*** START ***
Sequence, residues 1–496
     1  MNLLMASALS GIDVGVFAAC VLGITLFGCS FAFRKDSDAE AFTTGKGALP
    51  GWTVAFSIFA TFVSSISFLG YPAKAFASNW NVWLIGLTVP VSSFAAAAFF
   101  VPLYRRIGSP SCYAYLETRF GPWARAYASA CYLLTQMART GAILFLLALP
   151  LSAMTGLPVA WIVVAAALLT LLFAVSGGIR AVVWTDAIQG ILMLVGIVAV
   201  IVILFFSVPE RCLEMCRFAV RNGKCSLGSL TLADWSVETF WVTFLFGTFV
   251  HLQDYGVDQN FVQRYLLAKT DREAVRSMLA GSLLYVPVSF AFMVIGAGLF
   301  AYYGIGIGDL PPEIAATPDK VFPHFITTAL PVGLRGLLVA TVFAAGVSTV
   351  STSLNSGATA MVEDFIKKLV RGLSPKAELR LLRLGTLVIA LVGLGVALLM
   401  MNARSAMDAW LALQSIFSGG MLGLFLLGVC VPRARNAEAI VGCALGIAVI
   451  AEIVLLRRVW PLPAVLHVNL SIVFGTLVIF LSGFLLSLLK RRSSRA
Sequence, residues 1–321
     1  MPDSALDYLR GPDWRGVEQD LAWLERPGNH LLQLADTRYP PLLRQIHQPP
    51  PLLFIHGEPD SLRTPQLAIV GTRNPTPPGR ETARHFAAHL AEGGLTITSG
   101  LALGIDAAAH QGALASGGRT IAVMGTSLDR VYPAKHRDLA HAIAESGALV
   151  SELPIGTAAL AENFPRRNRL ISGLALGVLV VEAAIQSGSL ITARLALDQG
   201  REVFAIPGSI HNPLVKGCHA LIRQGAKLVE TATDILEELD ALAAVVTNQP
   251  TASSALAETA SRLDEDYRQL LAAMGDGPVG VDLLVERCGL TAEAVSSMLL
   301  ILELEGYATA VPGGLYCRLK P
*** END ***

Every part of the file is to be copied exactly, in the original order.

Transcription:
Sequence, residues 1–496
     1  MNLLMASALS GIDVGVFAAC VLGITLFGCS FAFRKDSDAE AFTTGKGALP
    51  GWTVAFSIFA TFVSSISFLG YPAKAFASNW NVWLIGLTVP VSSFAAAAFF
   101  VPLYRRIGSP SCYAYLETRF GPWARAYASA CYLLTQMART GAILFLLALP
   151  LSAMTGLPVA WIVVAAALLT LLFAVSGGIR AVVWTDAIQG ILMLVGIVAV
   201  IVILFFSVPE RCLEMCRFAV RNGKCSLGSL TLADWSVETF WVTFLFGTFV
   251  HLQDYGVDQN FVQRYLLAKT DREAVRSMLA GSLLYVPVSF AFMVIGAGLF
   301  AYYGIGIGDL PPEIAATPDK VFPHFITTAL PVGLRGLLVA TVFAAGVSTV
   351  STSLNSGATA MVEDFIKKLV RGLSPKAELR LLRLGTLVIA LVGLGVALLM
   401  MNARSAMDAW LALQSIFSGG MLGLFLLGVC VPRARNAEAI VGCALGIAVI
   451  AEIVLLRRVW PLPAVLHVNL SIVFGTLVIF LSGFLLSLLK RRSSRA
Sequence, residues 1–321
     1  MPDSALDYLR GPDWRGVEQD LAWLERPGNH LLQLADTRYP PLLRQIHQPP
    51  PLLFIHGEPD SLRTPQLAIV GTRNPTPPGR ETARHFAAHL AEGGLTITSG
   101  LALGIDAAAH QGALASGGRT IAVMGTSLDR VYPAKHRDLA HAIAESGALV
   151  SELPIGTAAL AENFPRRNRL ISGLALGVLV VEAAIQSGSL ITARLALDQG
   201  REVFAIPGSI HNPLVKGCHA LIRQGAKLVE TATDILEELD ALAAVVTNQP
   251  TASSALAETA SRLDEDYRQL LAAMGDGPVG VDLLVERCGL TAEAVSSMLL
   301  ILELEGYATA VPGGLYCRLK P